When I first became aware of Free Software, it was just one distribution of GNU/Linux and a few applications on a CD recommended by strangers on the Internet. I was in trouble. I had 24 students and their families who depended on me to teach them stuff to prepare them for life in a modern world. I had divided my classroom into five areas:
- a “wet” area for science experiments,
- a “windows” area where students could view the world measuring distance, the weather, parallax and such,
- a “science” area where I had a cabinet of toys, and
- a cluster of 5 PCs where students could actually learn at their own pace from a non-judgmental teacher…
My plans were simple, divide and conquer. The students for the most part couldn’t read or write, so I needed to fulfill the curriculum designed for city-kids while getting them to read, write, and present as if they were up to speed in all areas. Did I mention that I had Grades 9 to 11? This five-ring circus needed to function so that I could assign projects to different groups that they could accomplish largely on their own while I gave lectures or helped the many helpless individual learners. It worked pretty well. I did some of my best teaching and students did some of their best learning. One true reader spread light amongst the other students. One maths wiz also helped. Others had mature outlooks on life in the Arctic. I learned more than the kids.
The one obstacle to the smooth running of my classroom was Lose ’95. It kept losing the game, freezing and BSODing in the middle of class. It was supposed to operate well in 16MB and these PCs had 72MB. So, they were old and defective. That was the common wisdom. I knew better. These were made by HP. They made quality hardware. My old PC only failed when I tried to print or do some other function of the OS. It never failed when I ran software that I wrote. Not so with the kids’ computers, they failed just idling. People told me GNU/Linux just kept running indefinitely. I had to have it.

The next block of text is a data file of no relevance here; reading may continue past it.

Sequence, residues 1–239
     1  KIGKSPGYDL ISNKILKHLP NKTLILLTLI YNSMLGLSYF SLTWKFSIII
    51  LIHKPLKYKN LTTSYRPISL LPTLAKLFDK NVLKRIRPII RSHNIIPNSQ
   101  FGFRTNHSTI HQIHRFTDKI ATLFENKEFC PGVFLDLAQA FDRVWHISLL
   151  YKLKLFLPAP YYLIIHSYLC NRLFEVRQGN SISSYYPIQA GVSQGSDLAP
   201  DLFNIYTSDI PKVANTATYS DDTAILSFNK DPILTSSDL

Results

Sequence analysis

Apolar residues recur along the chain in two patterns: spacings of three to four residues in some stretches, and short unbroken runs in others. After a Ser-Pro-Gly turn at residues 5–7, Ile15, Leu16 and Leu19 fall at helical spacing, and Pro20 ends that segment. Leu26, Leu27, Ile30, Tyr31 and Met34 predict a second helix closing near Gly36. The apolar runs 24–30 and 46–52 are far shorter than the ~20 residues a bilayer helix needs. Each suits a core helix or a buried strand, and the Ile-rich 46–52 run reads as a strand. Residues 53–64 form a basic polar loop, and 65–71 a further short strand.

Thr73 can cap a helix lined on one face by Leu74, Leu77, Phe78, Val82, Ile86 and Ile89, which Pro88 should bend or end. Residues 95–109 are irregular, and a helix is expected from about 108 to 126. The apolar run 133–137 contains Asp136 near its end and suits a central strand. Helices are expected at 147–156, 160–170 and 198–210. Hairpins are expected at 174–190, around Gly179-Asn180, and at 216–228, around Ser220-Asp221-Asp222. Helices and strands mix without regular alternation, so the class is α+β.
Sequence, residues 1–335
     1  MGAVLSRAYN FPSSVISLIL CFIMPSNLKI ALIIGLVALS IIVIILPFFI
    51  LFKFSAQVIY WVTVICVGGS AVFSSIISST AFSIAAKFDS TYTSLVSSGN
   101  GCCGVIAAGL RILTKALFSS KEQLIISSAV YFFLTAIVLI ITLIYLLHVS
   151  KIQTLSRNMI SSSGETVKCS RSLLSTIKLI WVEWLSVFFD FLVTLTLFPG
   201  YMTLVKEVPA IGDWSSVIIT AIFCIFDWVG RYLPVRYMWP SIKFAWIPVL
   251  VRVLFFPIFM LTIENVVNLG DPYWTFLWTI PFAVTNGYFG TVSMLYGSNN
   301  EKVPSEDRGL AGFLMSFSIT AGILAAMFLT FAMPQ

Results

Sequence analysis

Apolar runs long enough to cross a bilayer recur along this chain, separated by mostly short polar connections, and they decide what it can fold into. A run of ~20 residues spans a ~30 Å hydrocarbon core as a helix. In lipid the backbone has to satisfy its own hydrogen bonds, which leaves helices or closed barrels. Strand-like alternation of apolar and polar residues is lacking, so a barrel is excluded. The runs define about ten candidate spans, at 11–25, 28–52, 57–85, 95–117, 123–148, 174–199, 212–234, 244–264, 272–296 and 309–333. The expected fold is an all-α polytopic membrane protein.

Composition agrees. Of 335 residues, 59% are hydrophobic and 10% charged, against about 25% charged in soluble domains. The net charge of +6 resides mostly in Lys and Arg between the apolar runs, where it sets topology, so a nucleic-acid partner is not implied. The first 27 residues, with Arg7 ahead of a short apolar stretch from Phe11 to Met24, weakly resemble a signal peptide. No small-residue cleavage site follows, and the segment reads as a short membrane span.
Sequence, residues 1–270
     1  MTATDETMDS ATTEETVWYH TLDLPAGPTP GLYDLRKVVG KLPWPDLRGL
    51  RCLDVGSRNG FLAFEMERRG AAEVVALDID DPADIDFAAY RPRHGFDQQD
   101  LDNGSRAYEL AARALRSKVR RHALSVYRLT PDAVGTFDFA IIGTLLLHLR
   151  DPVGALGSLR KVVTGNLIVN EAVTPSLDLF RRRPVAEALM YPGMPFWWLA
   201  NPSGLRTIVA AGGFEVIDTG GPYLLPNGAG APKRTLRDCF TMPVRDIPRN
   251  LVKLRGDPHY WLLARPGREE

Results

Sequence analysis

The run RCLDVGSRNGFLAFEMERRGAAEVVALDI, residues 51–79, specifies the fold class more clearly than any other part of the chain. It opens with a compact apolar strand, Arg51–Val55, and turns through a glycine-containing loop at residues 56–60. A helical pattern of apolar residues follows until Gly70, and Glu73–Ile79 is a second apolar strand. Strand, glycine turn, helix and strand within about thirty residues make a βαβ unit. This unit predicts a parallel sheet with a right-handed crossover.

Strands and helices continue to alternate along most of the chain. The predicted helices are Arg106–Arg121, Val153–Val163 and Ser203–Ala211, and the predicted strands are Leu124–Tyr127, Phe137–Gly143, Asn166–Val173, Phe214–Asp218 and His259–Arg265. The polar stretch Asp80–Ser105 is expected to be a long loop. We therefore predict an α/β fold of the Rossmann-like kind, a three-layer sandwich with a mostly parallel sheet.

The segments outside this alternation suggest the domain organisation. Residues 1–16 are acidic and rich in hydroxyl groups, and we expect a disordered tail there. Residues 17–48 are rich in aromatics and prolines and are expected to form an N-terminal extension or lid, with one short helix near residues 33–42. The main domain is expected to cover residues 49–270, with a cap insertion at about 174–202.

I picked a distro that was “easy to install” and downloaded an .iso of Caldera e-desktop over ten days of nights and weekends by dial-up. I had never burned an .iso before and the Mac lab didn’t help me do the right thing until the second try. The installation was simple but all I got was a black screen. I had to edit a configuration file with the right sweep frequencies for five different CRT monitors. Fortunately, Alta Vista came through with the data and it worked. I did one machine on a Thursday evening and the rest on Friday evening. I played hard with them all weekend and they never froze once. Oh, the browser or the word-processor (StarOffice, installed separately) would freeze and X-kill could eliminate it in a few seconds but the OS kept running. No more re-re-reboots. No more interruptions of my classes for five minutes. No more lost momentum. The students and I could progress smoothly and we did that for six months with only one failure when a student cut the power and the EXT non-journalled file-system on an 800MB hard drive lost the thread. I re-installed and kept going.
To me Free Software was my saviour and the best thing since sliced bread. I kept using it in more challenging roles every year and it always delivered: new distros, LTSP, servers of all kinds, local repositories, gigabit/s RAIDED file-serving on the LAN, databases, everything…